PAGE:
This a text version of my Shabbat sermon from 9/17 –
The weekly Jewish newspaper The Forward published an op ed piece this week written by a rabbi named Jay Michaelson. The headline of the article is ‘Why You Shouldn’t – should not – Go to Synagogue on Rosh HaShanah this Year,” and Rabbi Michaelson spends some 1500 words or so explaining why he thinks it is a bad idea for Jews to come to shul to celebrate the beginning of the New Year. And I understand that some folks just like to be provocative, because that will get them a lot of hits on the internet, and I also understand that sometimes you have a deadline looming, and your are running out of time, and you end up writing the first thing that comes into your mind without fully thinking it through. So I am not sure whether the Rabbi is in the former category, the latter category, of whether he really believes everything he wrote. But he does raise three particular points in the article that give him pause, and he says should give us pause, in terms of attending services on the High Holy Days. And I would like to spend a few minutes with you this morning thinking about each of those points.
Interestingly (at least to me!) his first complaint is a theological one. We should probably establish a fundamental sense of what theology is – what is it? Essentially, the way you understand and think about God. And Rabbi Michaelson says that you shouldn’t come to shul on Rosh HaShanah because when you get there and open your Mahzor you are going to find theological concepts that will make you uncomfortable and that you may not believe. And as proof of this he cites, also interesting to me, probably the most beloved prayer in the entire Mahzor, the Unetane Tokef prayer. That is the one where we imagine God with a book that holds a record of our deeds from the year gone by, and where we say, ‘who will live and who will die, who by fire, who by water.’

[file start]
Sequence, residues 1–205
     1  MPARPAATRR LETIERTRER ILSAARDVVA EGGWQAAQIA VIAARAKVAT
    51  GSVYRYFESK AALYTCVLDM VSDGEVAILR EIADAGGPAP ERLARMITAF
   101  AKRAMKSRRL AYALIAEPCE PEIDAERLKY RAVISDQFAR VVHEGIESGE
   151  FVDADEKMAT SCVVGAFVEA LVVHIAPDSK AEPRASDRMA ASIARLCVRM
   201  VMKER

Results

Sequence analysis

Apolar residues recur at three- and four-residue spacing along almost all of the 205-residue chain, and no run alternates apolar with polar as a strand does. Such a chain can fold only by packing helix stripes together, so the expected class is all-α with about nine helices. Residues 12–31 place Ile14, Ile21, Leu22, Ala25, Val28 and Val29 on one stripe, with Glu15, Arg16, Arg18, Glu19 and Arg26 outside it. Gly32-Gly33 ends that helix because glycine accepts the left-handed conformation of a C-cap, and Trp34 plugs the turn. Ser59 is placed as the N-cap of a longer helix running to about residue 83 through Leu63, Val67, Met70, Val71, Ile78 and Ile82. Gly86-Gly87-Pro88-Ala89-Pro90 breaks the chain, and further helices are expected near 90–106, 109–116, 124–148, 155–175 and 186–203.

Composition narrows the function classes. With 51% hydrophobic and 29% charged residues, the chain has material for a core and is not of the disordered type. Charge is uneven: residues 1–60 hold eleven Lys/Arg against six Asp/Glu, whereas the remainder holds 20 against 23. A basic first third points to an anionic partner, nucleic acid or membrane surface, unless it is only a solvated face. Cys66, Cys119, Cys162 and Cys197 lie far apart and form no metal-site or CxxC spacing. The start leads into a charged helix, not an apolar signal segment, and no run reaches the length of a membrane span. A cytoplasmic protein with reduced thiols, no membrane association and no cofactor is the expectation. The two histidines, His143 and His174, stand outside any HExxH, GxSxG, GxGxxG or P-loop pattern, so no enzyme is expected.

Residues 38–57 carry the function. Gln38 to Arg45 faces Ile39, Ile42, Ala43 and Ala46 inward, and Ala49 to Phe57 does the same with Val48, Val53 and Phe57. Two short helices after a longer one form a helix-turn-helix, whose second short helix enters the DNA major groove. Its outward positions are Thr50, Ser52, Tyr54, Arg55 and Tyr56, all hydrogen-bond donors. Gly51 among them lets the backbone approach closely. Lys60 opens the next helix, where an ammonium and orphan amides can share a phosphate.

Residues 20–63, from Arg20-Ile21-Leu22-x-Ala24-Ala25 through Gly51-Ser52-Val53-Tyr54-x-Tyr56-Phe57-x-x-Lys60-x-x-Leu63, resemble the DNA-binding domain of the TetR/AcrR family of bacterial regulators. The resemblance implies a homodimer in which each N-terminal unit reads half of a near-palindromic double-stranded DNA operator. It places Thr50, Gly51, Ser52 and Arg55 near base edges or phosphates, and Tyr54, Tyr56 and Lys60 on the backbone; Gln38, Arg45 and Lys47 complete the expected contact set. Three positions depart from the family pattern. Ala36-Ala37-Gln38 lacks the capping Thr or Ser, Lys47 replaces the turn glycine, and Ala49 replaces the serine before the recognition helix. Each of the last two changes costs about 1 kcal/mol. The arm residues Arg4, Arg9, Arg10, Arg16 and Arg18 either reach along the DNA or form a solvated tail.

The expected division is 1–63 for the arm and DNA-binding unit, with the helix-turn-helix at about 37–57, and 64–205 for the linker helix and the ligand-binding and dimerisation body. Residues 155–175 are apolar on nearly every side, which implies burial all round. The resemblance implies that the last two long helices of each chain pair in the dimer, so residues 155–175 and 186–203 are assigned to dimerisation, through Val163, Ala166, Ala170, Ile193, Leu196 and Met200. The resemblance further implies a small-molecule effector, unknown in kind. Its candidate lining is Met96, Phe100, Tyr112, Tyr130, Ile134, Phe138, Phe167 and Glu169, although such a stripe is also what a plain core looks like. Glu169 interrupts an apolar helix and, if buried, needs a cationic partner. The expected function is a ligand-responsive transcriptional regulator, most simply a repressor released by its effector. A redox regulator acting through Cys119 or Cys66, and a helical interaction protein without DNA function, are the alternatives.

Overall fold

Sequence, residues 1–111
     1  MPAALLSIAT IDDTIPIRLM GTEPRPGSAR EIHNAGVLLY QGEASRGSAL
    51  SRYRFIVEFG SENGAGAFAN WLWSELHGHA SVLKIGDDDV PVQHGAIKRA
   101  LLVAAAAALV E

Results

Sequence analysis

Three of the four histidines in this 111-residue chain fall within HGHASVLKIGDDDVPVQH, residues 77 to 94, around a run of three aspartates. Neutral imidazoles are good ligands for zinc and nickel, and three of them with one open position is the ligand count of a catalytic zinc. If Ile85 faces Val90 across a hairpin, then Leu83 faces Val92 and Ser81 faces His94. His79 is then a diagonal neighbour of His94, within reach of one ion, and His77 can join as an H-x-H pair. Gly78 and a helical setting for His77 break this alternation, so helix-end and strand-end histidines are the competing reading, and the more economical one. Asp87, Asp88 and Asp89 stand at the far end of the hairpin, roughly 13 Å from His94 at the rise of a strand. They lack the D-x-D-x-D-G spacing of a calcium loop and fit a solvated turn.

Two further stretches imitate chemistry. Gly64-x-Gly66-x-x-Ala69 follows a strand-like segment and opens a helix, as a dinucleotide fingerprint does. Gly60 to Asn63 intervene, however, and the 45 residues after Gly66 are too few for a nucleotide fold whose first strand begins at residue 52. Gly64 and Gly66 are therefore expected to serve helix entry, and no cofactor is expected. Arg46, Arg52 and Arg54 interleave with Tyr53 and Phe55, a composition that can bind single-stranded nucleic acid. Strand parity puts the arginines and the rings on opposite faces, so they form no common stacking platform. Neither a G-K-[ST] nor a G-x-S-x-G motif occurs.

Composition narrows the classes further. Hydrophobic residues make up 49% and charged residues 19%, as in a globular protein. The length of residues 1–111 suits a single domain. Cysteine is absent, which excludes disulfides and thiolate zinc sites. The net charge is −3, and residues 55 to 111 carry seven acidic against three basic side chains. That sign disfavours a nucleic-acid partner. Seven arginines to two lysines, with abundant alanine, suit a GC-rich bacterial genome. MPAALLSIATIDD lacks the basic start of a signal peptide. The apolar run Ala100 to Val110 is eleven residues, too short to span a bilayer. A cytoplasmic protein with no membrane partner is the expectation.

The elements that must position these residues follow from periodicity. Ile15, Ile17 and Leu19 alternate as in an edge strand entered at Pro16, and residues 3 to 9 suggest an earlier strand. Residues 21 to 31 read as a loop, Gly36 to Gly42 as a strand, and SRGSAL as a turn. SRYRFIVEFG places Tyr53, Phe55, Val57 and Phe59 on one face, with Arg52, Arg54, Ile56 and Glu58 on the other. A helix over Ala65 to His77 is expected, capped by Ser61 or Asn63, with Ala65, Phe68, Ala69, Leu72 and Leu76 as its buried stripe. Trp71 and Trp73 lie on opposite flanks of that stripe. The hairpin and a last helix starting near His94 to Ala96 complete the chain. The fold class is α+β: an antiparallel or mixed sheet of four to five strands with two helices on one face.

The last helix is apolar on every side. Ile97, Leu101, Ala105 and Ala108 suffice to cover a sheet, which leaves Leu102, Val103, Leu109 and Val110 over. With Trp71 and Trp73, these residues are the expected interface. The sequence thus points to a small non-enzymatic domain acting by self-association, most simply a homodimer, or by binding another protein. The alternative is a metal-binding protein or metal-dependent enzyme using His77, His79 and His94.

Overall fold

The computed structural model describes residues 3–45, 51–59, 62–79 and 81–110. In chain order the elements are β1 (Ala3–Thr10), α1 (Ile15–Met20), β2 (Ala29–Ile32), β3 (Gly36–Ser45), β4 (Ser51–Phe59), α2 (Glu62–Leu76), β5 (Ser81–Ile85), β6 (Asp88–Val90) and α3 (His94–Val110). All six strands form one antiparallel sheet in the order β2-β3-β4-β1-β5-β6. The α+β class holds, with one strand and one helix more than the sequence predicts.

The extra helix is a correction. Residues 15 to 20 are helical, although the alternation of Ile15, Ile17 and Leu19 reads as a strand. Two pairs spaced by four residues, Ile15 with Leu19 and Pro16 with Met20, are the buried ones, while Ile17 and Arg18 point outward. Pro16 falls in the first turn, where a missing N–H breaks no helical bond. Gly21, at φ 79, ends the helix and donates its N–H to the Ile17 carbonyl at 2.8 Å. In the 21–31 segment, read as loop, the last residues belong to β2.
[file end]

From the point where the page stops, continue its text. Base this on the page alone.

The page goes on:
Now I know that the theological implications of that prayer are problematic, and I myself don’t literally believe that God sits with a book and is writing names into it ‘who is going to live and who is going to die.’ But I also know that the prayer has a power and meaning that still speaks to people today. It may be because they’ve been reading it since they were little, and it brings to mind sweet memories of Rosh Hashanas gone by. It may be because the image itself, whether you believe it or not, can get you to think about your own deeds, which is one of the things people do find meaningful at the start of a new year. It may also be that there is a core truth to the prayer that Rabbi Michaelson either forgot or never understood, and that is in the course of any given year members of our community will pass away, and we truly don’t know what a year will hold.